The WVU Marching Band

NOTES DA CAPO - By John Puffenbarger
October 1994

The West Virginia University Marching Band traces its origins back almost 100 years when an ROTC band was formed, and it existed as an all-male organization until 1972. The modem era for the band began in the 1950s and 1960s with Larry Intravaia and Bud Udell as directors. Outstanding arrangements, creativity, and planning began to bring recognition to the group. In 1970, Gerald Zimmerman served as director for one year, and later as an arranger and assistant director. In 1971, Don Wilcox came to WVU as director of bands.

Wilcox graduated from the University of Michigan and taught eight years in the public schools before moving into higher education and directing out-standing university band programs in both California and Kansas before coming to WVU. Last summer he conducted the Wind Ensemble on a tour in Japan and also made a recording with the group.

In 1971, the 88 members of the band gave a performance in mid-December on national television at the NFL playoff game between the Colts and the Dolphins. Women were admitted in 1972 for the first time, and a trip to the Peach Bowl in Atlanta capped the season in December. In 1973 and 1974 the band's performance took a large step up to a whole new level due to the band members' attitude, desire, and dedication. Their success and recognition resulted in an even higher degree of public support for the "Pride of West Virginia" as the band grew to 180 members during 1974.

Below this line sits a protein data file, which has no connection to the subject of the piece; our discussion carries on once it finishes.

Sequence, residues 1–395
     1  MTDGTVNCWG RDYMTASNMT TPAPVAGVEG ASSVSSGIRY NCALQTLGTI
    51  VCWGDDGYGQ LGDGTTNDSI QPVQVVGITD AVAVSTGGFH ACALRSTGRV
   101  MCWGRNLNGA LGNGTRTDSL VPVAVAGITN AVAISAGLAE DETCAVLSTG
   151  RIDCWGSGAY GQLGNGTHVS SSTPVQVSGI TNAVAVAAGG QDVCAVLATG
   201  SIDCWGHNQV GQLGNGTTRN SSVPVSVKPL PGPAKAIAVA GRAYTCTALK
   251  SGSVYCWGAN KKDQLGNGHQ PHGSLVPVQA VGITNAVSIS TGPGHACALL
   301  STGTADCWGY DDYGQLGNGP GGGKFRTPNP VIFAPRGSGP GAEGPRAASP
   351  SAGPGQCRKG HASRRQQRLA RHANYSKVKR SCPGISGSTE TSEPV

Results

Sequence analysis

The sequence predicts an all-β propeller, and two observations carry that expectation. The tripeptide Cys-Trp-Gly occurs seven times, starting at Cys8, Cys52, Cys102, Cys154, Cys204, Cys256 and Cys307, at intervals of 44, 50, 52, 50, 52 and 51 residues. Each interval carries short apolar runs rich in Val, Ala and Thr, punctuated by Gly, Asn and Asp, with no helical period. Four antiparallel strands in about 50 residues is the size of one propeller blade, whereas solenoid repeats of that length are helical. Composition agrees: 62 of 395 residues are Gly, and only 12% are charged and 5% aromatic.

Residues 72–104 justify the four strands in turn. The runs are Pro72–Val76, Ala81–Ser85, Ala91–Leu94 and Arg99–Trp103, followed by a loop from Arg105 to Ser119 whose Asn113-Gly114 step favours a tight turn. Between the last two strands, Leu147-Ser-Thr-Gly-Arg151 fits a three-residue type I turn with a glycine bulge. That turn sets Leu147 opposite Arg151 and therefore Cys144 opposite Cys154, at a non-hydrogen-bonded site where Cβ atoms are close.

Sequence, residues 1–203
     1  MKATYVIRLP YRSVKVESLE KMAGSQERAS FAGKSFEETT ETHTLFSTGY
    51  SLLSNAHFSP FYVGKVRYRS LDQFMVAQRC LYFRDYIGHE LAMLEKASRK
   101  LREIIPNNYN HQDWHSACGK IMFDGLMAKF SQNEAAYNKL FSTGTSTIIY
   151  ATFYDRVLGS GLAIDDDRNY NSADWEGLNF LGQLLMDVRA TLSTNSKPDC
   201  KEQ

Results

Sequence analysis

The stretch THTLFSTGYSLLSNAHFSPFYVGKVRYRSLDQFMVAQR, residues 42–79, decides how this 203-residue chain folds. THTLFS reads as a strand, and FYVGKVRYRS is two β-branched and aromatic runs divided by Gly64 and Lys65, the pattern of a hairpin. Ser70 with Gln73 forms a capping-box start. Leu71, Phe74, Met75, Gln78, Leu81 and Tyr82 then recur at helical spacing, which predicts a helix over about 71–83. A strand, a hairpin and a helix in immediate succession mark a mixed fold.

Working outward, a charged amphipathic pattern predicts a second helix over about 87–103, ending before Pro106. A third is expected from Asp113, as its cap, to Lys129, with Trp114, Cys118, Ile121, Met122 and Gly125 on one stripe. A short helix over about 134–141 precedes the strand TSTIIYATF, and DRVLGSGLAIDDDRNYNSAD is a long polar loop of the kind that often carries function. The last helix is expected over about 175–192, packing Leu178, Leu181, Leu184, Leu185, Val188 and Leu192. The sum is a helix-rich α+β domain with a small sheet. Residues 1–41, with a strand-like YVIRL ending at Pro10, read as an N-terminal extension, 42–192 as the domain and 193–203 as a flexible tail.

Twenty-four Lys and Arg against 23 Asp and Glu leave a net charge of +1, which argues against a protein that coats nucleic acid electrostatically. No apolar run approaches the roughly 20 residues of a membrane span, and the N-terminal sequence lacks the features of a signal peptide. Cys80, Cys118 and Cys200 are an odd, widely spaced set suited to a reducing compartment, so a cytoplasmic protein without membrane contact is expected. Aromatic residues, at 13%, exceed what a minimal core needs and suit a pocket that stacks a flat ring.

With a brand new set of custom-designed uniforms and 200 members, the 1975 band set new performance standards. They appeared at a Steelers-Bears game, traveled to Penn State, and finished the season at Atlanta's Peach Bowl. The end of the 70s reached several "highs" with trips to Kentucky, Virginia Tech, and Oklahoma.

By 1979, the band had grown to over 280 members. It traveled to New York City for the WVU-Syracuse game, a halftime performance for the New York Jets, and band members attended a performance of A Chorus Line on Broadway. They also performed a "Good-by to Mountaineer Field" show in the old stadium for which they won great reviews.

The 1980s opened with a new stadium, and the band was over 300 strong. During the 80s the band traveled to the Peach Bowl, Gator Bowl, Hall of Fame Bowl, Bluebonnet Bowl, Sun Bowl, and Fiesta Bowl. New uniforms were introduced in 1984 to the delight of Mountaineer fans. Since 1985 the Bands of America's Eastern Regional festival has been hosted by the WVU band, and many of our country's finest high school bands have performed on Mountaineer Field.

(Editor's note: Here's an amusing tidbit on WVU band and orchestra music before the ROTC band was formed. Beginning in 1886 and continuing for several years the Opera House Band of Wheeling provided both band and orchestral music for commencement festivities at West Virginia University. An account in the Wheeling Intelligencer for 10 June 1892 indicates that Wheeling's Gennan-oriented musicians did not find Morgantown's prohibition laws to their liking. It reads: "The Opera House Orchestra returned from the Morgantown University commencement exercises yesterday morning. Prof. Speil says that, notwithstanding the heavy rains, the town was very dry so far as the musicians were concerned. On account of the last election they could find nothing to lubricate their mouth pieces.")